Development of new euro banknotes
Although it has been only a few years since the euro was introduced, work is in progress to prepare a new series of euro banknotes. Developing new banknotes is an ongoing process. Intentions are to introduce a new series every seven or eight years.
For every new series, the designers use improved production techniques and materials, for one thing because this will offer better protection against counterfeiting. But the designers also look at usability aspects of the notes: How easy it is to verify the security features? Can the visually challenged recognise the notes? But also: how can notes be kept cleaner?
The series of banknotes now being prepared is a redesign of the first series. The theme, ‘bridges and arches’, is the same and so are the colours. Still, everyone will be able to see at a glance that this is a new series of banknotes.
In the euro area, the national central banks and the ECB are jointly responsible for the printing of euro banknotes. First, the ECB charts the expected need for every denomination. Next, every central bank is asked to have print some denominations.The ECB decides which printers inEuropewill be allowed to print the notes. Of course, these printers must meet the highest of specifications. Whereas DNB has most of its banknotes printed by Joh. Enschedé & Zonen inHaarlem, foreign printers have been engaged as well.
Printing the notes is an elaborate process. First, the paper is manufactured, including the watermark, the safety thread and in many cases also the foil and the golden stripe. Once the paper is ready, the printing process can begin.Printing euro banknotes involves several printing techniques: offset print for the basic design on the front and back sides, plate print for the palpable ink on the front side, screen print for the special inks on the back, and letterpress for the serial number, also on the back. Once the sheets of paper have been printed, they are cut into banknotes.The notes that come out of the cutting machine are checked one by one for flaws in the printing and any dust particles that may have stuck in the paint. Only perfect euro banknotes are fit to be circulated.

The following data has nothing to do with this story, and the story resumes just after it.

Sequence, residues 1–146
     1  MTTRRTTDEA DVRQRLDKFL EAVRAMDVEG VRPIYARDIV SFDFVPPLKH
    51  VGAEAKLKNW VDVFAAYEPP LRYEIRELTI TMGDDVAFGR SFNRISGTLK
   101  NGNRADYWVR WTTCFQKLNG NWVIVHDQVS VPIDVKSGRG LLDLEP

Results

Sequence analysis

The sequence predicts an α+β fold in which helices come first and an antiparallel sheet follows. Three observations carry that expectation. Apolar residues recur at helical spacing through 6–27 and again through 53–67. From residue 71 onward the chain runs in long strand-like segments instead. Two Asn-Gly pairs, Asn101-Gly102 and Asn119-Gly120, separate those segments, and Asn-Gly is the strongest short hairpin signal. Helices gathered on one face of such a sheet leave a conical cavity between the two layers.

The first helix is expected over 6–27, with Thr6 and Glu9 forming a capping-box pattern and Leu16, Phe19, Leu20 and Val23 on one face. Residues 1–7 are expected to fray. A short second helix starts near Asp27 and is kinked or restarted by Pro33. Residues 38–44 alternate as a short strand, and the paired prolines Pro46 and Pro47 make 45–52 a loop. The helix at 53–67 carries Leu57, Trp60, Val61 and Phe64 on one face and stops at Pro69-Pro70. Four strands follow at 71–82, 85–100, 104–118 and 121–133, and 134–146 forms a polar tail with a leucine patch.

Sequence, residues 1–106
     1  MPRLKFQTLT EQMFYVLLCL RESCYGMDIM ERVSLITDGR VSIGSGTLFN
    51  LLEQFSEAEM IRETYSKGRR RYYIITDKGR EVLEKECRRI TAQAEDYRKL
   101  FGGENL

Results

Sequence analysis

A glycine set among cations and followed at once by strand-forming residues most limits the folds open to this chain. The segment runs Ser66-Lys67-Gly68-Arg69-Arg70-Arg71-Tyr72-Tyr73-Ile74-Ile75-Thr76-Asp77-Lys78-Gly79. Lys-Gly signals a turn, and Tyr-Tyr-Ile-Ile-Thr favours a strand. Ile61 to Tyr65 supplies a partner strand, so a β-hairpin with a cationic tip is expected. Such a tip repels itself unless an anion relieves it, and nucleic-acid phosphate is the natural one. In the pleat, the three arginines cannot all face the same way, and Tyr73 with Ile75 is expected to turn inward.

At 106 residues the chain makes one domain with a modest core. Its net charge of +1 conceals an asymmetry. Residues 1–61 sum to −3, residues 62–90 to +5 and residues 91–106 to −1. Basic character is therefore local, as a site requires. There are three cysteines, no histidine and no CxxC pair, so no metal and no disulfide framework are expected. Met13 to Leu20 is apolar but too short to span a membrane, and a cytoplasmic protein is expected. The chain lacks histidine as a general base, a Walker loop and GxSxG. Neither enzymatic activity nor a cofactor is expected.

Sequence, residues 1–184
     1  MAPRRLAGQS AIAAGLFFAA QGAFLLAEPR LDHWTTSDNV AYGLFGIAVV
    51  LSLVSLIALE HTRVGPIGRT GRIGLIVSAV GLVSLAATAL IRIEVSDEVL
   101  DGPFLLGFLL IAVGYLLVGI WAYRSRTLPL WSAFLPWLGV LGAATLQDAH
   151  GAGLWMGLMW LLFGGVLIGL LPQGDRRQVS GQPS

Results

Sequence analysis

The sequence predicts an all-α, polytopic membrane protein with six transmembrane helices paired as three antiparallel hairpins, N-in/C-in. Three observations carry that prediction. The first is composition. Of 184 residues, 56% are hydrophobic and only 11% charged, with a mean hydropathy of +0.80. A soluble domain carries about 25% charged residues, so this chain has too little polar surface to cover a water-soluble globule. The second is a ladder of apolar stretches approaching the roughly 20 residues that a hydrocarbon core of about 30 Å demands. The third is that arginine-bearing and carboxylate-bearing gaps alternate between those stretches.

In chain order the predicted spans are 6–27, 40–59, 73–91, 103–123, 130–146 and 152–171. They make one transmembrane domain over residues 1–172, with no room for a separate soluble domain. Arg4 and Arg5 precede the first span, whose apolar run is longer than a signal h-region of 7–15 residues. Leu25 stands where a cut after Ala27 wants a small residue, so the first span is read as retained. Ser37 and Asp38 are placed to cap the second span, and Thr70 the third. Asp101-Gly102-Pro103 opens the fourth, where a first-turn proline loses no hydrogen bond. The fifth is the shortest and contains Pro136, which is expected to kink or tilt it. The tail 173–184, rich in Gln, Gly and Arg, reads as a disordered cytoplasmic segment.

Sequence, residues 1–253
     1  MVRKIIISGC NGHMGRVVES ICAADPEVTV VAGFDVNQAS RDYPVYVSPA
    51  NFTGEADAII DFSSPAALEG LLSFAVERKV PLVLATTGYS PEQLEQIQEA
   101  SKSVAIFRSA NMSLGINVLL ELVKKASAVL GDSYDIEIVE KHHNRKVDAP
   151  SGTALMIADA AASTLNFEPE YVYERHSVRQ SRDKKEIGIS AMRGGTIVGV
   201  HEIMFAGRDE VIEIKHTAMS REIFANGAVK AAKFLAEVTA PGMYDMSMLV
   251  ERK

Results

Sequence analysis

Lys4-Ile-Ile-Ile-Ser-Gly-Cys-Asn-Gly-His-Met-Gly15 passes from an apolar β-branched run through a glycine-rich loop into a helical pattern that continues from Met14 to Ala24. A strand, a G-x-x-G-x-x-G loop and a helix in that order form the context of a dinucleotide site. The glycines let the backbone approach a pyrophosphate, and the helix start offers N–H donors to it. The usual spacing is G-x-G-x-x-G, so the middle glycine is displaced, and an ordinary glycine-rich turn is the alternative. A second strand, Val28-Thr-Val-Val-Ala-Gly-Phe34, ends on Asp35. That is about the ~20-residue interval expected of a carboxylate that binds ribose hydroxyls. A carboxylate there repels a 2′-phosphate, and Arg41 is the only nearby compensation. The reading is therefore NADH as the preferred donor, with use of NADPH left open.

Some 10 billion euro banknotes are currently in circulation. Naturally, most of them circulate in the euro area, but some are used elsewhere. It is not known how many euro banknotes there are in theNetherlands–probably between 300 and 400 million. Depending on the denomination, the average banknote lasts a few years.
The number of new notes DNB needs every year depends on the growth of the circulation, the number of notes destroyed and the inflow and outflow of notes across the border.Banks order notes from DNB in order to meet public demand. Most notes reach the public via cash machines (AKA ATMs), of which there are some 7,500 in theNetherlands.
The notes are then spent again in shops and elsewhere. Retailers deposit the notes they receive in their banks. Banks in turn deposit the notes with DNB to be sorted, checked and readied for recirculation.In recent years, the rate at which banknotes have been returning to banks and hence, to DNB, has increased. Many 50 euro notes, for instance, are used only once in payment before being returned. For this reason, an agreement has been reached under which banks themselves will check and recirculate more than half the banknotes they receive. They have jointly set up cash centres for the purpose. The checking and sorting is done by machines that meet requirements imposed by the ECB. Unfit and suspect notes are sent to DNB straight away.
Banknote sorting by DNB
The entire banknote circulation in the Netherlands is checked twice a year by DNB, thus helping to maintain public confidence in the euro banknotes. DNB owns a range of sophisticated sorting machines, each of which is able to check some 2,000 banknotes per minute for authenticity, soiling and damage. Soiled or damaged notes are destroyed.